THE ST. REGIS FAMILY
"Father, this is for the poor." The five year old held up a dime for me. "Thank you, I'll see that they get it." And they did. All those pennies and dimes we collect go to support the local food pantry. It warms my heart to know that even our children possess an innate desire for good stewardship, to share what we have with those who have less.
When you register as a member of St. Regis Parish you join a family of believers who worship God and put our faith into action in hundreds of ways every week. Our numbers are so large that our potential for doing good is huge, and the St. Regis family delivers. Our school educates children in Christian values; our social services council reaches out to the poor in our neighborhood, city, and world; and our church is a home for all whose spirit needs a lift.
Membership in our community raises some expectations, too. We expect people to worship with us, to become active with our organizations, to bring the Gospel to their home and workplace, and to contribute to the work of our parish. All those expectations are hard, but the one that sets most people on edge is the last: the gift of money.
I'd like to share some thoughts with you about contributions to the church. I'm pleased to do this, because I believe support is a part of our whole Christian life. Further, I'm obliged to do this, because preaching stewardship is part of my responsibility. If I neglect to tell you about the place of contributions in Christianity, I haven't been a very good pastor. That's why some of our letters, phone calls, and visits from the parish have to do with money. Financial responsibility has an important place among the many facets of the Christian message. I care for you; I'd like you to rejoice in the Christian life, with all its benefits and challenges. I hope this pamphlet will help you see the role stewardship plays in being a good Christian.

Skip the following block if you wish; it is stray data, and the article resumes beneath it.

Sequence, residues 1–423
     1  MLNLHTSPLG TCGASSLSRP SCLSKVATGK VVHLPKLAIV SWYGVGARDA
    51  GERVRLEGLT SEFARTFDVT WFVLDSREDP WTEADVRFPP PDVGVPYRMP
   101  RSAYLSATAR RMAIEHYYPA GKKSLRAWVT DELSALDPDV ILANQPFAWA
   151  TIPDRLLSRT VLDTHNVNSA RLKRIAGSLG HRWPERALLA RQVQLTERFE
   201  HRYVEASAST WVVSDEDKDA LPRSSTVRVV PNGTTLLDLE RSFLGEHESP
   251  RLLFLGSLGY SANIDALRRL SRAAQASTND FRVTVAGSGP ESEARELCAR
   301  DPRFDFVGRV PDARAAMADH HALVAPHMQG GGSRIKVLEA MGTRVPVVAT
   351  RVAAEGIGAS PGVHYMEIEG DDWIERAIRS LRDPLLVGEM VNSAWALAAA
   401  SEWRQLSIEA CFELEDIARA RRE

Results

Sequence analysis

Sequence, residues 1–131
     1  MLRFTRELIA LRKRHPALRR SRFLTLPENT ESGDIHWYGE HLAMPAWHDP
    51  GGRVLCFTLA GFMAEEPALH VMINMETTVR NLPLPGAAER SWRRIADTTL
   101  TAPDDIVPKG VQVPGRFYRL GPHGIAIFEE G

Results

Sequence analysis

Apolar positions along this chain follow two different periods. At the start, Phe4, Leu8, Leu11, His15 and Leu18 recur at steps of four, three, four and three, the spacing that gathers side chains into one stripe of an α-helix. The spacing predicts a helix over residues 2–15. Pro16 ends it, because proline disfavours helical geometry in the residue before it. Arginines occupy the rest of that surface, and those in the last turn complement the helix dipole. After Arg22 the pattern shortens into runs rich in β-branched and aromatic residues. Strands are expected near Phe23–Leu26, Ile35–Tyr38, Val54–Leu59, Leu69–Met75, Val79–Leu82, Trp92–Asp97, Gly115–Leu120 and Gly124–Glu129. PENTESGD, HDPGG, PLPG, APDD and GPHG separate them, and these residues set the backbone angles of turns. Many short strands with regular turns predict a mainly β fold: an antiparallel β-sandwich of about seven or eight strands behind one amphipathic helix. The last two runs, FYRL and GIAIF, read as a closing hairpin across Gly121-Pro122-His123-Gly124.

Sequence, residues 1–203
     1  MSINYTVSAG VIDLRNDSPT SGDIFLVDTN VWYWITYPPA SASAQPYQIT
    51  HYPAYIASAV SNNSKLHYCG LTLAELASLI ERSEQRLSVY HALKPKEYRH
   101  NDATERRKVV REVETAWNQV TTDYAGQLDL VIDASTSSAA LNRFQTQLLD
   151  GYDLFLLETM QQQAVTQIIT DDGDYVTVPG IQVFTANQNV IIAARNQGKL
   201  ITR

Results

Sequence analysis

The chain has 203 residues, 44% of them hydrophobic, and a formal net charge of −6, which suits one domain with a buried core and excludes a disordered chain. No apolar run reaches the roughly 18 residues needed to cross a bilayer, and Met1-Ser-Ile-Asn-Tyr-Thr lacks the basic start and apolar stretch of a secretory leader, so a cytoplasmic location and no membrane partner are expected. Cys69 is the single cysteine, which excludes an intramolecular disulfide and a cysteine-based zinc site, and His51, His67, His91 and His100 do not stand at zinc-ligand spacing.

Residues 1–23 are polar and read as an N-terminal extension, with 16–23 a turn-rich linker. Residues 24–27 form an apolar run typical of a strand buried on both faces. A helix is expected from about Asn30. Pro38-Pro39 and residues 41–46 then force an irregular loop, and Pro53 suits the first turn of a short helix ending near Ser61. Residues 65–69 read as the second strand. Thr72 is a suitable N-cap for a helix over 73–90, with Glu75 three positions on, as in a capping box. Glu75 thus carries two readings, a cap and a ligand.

You'll frequently hear us suggest that the best way to support the church is through a tithe. What is a tithe? It's the contribution each of us makes, usually based on a percentage of our income.
The word "tithe" means "tenth". In Old Testament times, farmers would offer one tenth of their yield back to God. Many would give not just any tenth, but the first tenth, the firstfruits of the crop, to the temple. This gift acknowledged that what we have comes from God, and it established a way we could give thanks. God wants us to enjoy what he gives us, so we keep a substantial amount of it for our needs and pleasures, but we offer a tenth of it back to him as a sign of our gratitude and our dependence upon God for all that we have.
To this day, we still recommend the gift of a tenth, or a tithe. In imitation of the farmers of old, we base our tithe on what God provides for us. Today, we usually figure our gift based on our income. In our diocese, we suggest that people give 5% of their income to the parish they belong to, 1% to the diocese in the United Catholic Stewardship Appeal (UCSA), and 4% to any other charity they like.